‘It's Gutwrenching': Local Lebanese Community Reacts to Devastating Beirut Blast

Members of San Diego’s Lebanese community were stunned to see the horrific explosion that rocked Beirut this week

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When Edward Haidar’s phone started to buzz at 7 a.m. Tuesday, he knew something was wrong.

“I saw maybe 12, 13 texts from my sister, who hardly ever sends me texts,” the San Diego small business owner said.

“And once I opened the video, I was just shocked. It was a shock.”

Edward and his wife Suher, both Lebanese-Americans who have family and friends in Beirut, could not believe the images of destruction they were seeing on social media after an enormous explosion rocked the city Tuesday.

The blast killed more than 130 people and wounded thousands. Tens of thousands were left homeless by what authorities believe was a 2,750 tons of explosive ammonium nitrate sparked by a fire after sitting in a warehouse for years.

The owners of Mama’s Bakery in North Park were just one pair from San Diego’s vibrant Lebanese community who immediately started calling to check on loved ones.

“He has sisters, nephews, and nieces, I have my cousins, uncles,” explained Suher.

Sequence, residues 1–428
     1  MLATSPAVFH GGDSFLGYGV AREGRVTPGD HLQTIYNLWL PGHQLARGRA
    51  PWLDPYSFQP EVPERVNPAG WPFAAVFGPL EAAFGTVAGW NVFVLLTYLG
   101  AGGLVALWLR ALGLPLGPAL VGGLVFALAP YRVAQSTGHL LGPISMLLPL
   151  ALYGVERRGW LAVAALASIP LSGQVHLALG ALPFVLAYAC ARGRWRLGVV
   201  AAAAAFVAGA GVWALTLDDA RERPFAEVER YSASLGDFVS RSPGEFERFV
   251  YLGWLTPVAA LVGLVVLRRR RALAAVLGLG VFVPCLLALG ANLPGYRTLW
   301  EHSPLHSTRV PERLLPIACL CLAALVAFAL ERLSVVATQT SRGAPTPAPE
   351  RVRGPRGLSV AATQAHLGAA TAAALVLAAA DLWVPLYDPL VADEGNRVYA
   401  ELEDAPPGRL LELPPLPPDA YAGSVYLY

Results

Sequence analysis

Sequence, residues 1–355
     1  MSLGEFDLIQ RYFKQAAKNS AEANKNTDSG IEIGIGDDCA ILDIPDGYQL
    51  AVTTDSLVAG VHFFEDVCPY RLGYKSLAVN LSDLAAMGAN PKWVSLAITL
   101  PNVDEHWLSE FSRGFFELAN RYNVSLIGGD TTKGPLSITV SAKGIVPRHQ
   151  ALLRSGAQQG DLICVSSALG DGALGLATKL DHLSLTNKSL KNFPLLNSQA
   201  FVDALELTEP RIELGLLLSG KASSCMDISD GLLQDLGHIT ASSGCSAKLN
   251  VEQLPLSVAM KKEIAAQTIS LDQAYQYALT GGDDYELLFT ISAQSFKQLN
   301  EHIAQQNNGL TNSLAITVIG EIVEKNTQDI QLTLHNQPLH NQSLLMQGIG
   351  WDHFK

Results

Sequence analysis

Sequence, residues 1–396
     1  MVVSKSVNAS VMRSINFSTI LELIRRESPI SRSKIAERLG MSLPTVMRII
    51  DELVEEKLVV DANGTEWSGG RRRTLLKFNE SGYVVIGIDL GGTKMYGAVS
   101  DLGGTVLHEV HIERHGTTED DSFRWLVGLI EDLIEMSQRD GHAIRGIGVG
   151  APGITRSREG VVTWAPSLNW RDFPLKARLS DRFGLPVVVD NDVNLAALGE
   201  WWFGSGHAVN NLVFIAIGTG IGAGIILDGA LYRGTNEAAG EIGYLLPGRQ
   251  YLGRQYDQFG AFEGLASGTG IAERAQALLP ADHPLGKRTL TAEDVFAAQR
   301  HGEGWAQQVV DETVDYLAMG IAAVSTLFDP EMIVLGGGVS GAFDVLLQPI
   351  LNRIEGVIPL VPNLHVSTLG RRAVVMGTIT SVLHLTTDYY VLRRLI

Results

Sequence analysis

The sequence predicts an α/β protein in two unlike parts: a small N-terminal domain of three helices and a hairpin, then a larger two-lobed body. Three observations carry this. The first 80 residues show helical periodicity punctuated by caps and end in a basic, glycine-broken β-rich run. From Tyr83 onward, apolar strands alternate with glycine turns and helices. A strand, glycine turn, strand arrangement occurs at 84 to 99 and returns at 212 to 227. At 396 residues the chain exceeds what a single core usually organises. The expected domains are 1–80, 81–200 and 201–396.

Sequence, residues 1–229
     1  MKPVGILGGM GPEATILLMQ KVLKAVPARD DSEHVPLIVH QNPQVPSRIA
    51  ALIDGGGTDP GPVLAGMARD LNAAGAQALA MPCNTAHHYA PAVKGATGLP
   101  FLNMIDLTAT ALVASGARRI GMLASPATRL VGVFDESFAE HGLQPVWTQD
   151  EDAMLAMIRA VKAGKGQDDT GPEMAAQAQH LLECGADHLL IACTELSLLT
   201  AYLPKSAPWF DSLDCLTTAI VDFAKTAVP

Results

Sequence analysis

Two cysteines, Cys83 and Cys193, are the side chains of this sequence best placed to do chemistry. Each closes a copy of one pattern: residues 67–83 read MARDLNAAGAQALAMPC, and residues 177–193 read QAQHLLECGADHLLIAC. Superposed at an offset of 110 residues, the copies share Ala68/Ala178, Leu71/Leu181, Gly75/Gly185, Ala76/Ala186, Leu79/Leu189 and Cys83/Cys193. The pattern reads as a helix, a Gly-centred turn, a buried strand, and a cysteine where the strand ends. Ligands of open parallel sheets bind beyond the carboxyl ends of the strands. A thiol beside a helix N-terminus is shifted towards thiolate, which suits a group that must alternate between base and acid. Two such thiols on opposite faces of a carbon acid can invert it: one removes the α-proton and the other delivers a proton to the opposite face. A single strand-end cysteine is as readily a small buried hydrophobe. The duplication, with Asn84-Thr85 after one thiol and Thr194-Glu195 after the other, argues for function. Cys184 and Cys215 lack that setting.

“It’s definitely hitting us really hard.”

Thankfully all of their family is accounted for, but on Wednesday afternoon, Edward had still not heard from one friend who lived near the blast site.

“It’s gutwrenching. You just don’t know what’s happening. They could be —God forbid something happened to him,” Edward told NBC 7.

“Right away I called and texted, and nothing yet.”

Both acknowledged that the timing couldn’t have been worse, as Lebanon has been hit hard by the coronavirus, and is suffering from widespread economic hardship as well.

And while they hope the explosion was not an attack or intentional, they know Beirut will rise and recover.

“[The Lebanese are] very strong and they will rebuild and they will make the country beautiful again. It’s just a matter of time,” said Suher.

The couple recommended folks who wish to help donate to the Lebanese Red Cross, which has been on the scene since the start of the tragedy.

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